Everything actually, I always worked hard. Sometimes everything comes together. It went a little more my direction. I worked hard for sure; I did not get sick or injured. I gain confidence and I think that’s the biggest issue I have. Now I have more self-confidence. I know I can do it and now I think, “yes, actually I can win big races and not only one. And I’m strong.”

In cycling everything needs to be right to get to cross the finish line first. Sometimes you need to be patient and take your own chance or opportunity. We work for each other, and it’s what is magic in this group.

What’s your best finish, an attack or sprint? Is there a specific moment or race that you keep in mind?
Gent–Wevelgem. I won this race. We were there with the whole team. Maybe five of us out of the six in the first group. You need to be strong because it was a really hard race. You also need to be lucky. For me, I attacked at the right moment, then I was gone and I had the feedback from the team that also makes you win.

Is Tour of Flanders still your favorite race? If so, why?
Yes (massive smile). I’m a typical Classics rider and if you like Classics, then Flanders it the ultimate race. It’s also the case for men's cycling. It has everything: steep climbs, cobbles, long distance, sometimes bad weather.

Photo by Victor Lucas

Is there a men’s race that you would like to see on the women's calendar in addition to the ones already added (Liège – Bastogne – Liège, Amstel Gold race)?
We always joke about Paris-Roubaix. I would love it. I know a lot of girls would say, “Hm, no.” I think it’s cool. I never rode there but I love cobbles. Probably when I would race it I would think, “What am I doing here!”

What do you think about the 2017 La Course by Le Tour edition moving from a criterium to a mountain finish?
We made a good step for women's cycling to have La Course and have everything live on TV. It’s good that they changed something to show a different style of racing, but I don’t know what it’s going to look like. First it was a really fast race bunch sprint, and now it’s totally the opposite with steep climb. Both are not my type of racing or specialty. I think change is good, but we also have so many other hard and nice races throughout the year that deserve TV coverage as La Course does.

What are your goals for the 2017?
The Spring Classics again. I showed I can be good. I can win. I want to do everything for the team and take my chance when I have the opportunity. Nationals is also a goal for me. In the middle of the season, I'll see how it goes and maybe add a few victories. Also there are other riders in the team who have goals in that period, and I can support them. At the end of the year, team-time-trial Worlds and road Worlds. The beginning and the end of the season are the most important for me. Last year was a long season. I could feel that in the end and I felt I needed a break away from cycling. I didn’t touch my bike for a few weeks, which was really nice.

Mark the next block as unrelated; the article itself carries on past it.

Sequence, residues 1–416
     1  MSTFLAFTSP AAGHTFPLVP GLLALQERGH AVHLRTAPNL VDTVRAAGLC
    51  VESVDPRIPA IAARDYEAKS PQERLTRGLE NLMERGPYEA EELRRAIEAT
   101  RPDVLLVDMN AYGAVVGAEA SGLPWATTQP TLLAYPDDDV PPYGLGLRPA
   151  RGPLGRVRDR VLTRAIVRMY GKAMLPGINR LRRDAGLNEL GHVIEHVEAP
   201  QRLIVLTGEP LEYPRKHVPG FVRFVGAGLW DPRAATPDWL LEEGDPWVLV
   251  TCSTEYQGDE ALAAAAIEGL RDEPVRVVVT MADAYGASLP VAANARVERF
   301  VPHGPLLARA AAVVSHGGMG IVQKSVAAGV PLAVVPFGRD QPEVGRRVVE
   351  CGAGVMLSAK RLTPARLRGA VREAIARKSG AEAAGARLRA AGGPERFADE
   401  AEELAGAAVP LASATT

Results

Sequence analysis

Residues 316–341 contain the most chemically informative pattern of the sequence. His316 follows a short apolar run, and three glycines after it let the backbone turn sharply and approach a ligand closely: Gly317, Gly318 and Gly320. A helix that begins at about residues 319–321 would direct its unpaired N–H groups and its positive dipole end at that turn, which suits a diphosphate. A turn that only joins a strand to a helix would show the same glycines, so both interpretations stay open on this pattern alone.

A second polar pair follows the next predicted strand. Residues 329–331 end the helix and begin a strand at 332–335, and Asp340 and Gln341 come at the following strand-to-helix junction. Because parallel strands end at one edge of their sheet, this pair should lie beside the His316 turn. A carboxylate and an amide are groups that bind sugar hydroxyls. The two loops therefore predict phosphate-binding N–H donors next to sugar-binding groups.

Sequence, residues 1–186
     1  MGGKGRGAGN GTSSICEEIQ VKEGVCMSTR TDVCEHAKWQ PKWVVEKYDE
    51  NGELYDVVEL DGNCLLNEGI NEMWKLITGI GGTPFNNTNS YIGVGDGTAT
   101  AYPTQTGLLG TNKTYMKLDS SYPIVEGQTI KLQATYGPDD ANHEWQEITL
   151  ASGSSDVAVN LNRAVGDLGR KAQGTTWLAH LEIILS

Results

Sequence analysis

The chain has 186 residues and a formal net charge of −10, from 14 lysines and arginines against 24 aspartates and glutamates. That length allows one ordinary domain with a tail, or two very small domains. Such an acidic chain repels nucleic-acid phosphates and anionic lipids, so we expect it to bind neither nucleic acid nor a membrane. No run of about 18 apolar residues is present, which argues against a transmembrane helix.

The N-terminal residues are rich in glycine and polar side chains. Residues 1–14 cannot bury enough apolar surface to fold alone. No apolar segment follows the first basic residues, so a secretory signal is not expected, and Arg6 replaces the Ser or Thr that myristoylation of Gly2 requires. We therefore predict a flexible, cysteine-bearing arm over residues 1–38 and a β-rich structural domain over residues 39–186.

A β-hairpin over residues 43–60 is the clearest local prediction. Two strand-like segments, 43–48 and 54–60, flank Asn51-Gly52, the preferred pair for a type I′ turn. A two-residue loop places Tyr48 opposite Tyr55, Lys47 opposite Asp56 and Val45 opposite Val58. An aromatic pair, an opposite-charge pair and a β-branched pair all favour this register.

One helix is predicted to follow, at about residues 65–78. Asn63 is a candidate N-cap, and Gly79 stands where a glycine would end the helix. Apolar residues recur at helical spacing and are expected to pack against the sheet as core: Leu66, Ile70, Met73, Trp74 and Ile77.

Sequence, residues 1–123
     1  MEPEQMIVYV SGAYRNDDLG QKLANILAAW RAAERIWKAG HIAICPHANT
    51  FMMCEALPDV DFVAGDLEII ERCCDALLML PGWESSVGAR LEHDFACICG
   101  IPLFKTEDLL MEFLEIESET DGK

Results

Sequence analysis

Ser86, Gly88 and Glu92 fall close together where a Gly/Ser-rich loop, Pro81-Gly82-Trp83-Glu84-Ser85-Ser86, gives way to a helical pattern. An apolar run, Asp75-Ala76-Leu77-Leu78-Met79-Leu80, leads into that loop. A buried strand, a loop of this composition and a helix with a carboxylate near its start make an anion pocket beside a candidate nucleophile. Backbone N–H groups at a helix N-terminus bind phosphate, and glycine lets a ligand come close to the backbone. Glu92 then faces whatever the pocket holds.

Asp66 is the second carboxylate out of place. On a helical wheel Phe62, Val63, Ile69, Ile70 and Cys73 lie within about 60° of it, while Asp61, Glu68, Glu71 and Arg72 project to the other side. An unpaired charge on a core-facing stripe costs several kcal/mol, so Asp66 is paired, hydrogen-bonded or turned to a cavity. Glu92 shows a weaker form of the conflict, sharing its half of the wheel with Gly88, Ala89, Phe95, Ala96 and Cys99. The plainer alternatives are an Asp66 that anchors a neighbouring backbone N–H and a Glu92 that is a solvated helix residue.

What do you like about your RED eTap groupset?
I love when you are on the top of a climb and you do “woop” [she showed the shifting at the same time she made a shifting sound]. You shift and in a second you are in the big ring. It’s so easy and quick. From the small to the big ring, it’s the best part. Actually I like everything about it.

Which Zipp wheels do you prefer to ride? And why?
303, they fit my style. I’m a Classics rider so they are perfect. They are great for everything. They are a bit higher but not too much when you have strong cross winds. You can go hard on the cobbles. They are strong.

How important are power meters for training and racing?
In races I don’t look at my power but afterwards to analyze, yes. A few years ago, I didn’t think I would need it. I was just training on my feeling and seeing how it goes. But now I cannot train without. I still listen to my feelings but the data I get from my power meters help me a lot to do more quality training.

What do you like about your Quarq power meter?
It calibrates easily. You can easily change the battery. I never have problems with it, which is great. It does the job. I almost forget about it, which is a good sign.

What changes would you like to see in the sport?
I would like that the media show more big races on TV. We made a good step for example with La Course, but it’s not really what women's cycling looks like. There is so much more we can show, interesting, exciting and high level races. Changes are good but we are not there yet. Women's cycling deserves more.

Do you have a personal or professional motto?
Not really, but I really believe that if you work hard something will happen. Maybe not straight away but it will happen. 

 Follow @ChantalBlaak on Twitter and Instagram